Emily Sherwood | Movers & Shakers 2020–Digital Developers

While earning her PhD in English, Emily Sherwood found herself drawn to "collaborative environments and interdisciplinary projects [rather than] to the solitary and focused scholarship more common in literary studies." This interest led to her current position at the Digital Scholarship Lab, River Campus Libraries, University of Rochester (UR).

Sidsel Bech-Petersen

CURRENT POSITION

Director, Digital Scholarship Lab, River Campus Libraries, University of Rochester, NY 

DEGREE

PhD in English, the Graduate Center, CUNY, 2014

FAST FACT

“New York Data Carpentries Library Consortium,” 2019 Institute of Museum and Library Services grant, $82,688

FOLLOW

@emilygwynne; esherwood.org; nydclc.github.io; dslab.lib.rochester.edu

Photo by Lorin and Erin Photography

 

Data Literacy Leader

While earning her PhD in English, Emily Sherwood found herself drawn to "collaborative environments and interdisciplinary projects [rather than] to the solitary and focused scholarship more common in literary studies." This interest led to her current position at the Digital Scholarship Lab, River Campus Libraries, University of Rochester (UR). In that role, says Lindsay Cronk, head of collection strategies at UR and a 2017 Mover & Shaker, Emily "is leading the charge to get library workers the data literacy skills they need to do the work required for the future of libraries."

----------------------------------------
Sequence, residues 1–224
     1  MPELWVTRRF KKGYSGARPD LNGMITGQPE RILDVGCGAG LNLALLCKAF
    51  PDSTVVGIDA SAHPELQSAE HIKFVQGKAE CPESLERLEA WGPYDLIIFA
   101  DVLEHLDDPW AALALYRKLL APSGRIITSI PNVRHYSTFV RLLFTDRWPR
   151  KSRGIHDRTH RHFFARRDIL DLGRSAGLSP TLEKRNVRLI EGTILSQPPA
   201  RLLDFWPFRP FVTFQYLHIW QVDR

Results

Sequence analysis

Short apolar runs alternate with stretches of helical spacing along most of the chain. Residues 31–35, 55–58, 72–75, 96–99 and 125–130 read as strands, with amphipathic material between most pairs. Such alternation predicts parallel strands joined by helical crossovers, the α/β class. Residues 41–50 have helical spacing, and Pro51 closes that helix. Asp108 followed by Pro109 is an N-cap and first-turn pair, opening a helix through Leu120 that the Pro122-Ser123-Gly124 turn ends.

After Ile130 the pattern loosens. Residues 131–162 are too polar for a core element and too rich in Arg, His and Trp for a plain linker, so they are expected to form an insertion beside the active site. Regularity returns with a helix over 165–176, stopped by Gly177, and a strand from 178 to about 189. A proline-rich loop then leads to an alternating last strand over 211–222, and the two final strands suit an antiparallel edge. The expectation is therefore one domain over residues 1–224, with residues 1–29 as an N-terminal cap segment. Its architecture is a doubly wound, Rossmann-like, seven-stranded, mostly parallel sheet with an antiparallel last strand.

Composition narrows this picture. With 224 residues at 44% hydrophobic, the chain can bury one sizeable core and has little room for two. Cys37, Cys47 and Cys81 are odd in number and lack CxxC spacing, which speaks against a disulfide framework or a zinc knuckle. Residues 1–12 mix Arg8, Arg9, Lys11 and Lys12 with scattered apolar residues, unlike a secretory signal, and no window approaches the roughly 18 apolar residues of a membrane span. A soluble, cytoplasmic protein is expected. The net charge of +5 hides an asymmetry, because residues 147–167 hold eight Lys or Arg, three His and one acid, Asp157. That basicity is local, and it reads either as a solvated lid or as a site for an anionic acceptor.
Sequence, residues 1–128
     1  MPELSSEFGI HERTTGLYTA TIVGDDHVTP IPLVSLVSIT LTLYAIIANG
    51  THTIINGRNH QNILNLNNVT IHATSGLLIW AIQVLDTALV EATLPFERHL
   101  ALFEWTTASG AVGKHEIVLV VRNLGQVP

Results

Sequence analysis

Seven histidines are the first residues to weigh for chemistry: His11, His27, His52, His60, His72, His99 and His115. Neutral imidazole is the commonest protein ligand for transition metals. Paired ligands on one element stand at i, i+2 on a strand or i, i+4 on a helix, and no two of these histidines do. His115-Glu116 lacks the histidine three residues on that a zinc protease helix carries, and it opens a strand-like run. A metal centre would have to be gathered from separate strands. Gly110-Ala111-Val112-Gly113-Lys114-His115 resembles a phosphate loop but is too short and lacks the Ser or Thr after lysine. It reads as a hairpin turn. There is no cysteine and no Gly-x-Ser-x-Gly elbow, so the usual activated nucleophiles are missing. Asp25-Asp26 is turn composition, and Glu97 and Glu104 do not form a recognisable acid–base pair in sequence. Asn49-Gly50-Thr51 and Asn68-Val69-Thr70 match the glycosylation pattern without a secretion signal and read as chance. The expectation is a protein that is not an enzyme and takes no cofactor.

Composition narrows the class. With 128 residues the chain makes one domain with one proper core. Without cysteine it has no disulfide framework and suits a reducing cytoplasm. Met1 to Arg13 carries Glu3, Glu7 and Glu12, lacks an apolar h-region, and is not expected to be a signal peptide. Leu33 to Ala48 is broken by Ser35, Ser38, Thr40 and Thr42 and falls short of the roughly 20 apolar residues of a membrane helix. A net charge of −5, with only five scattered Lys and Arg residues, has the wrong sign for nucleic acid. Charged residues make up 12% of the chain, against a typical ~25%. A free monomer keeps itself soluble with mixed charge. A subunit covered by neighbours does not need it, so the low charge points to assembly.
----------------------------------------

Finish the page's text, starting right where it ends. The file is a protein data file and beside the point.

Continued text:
As the founding lead of the New York Data Carpentries Library Consortium (NYDCLC), an Institute of Museum and Library Services–funded project, Sherwood partnered with colleagues at Colgate, Cornell, and Syracuse universities to deliver cost-free training to academic, public, and school librarians, using a train-the-trainer method. Consortium members have formed a community of practice that builds data skills, including accessing, analyzing, using, and visualizing data across different types of librarian settings.

Besides expanding skill-sharing for teaching and research, the consortium aims to meet the demand for digital fluency by working regionally across libraries and institutions, thus providing a template for libraries nationwide. Of her work, Sherwood simply states, "Mostly I brainstorm solutions to problems." In addition to coordinating the Digital Scholarship Lab and supporting digital literacy efforts, Sherwood has begun to lead campus conversations in scholarship using extended reality technologies. 

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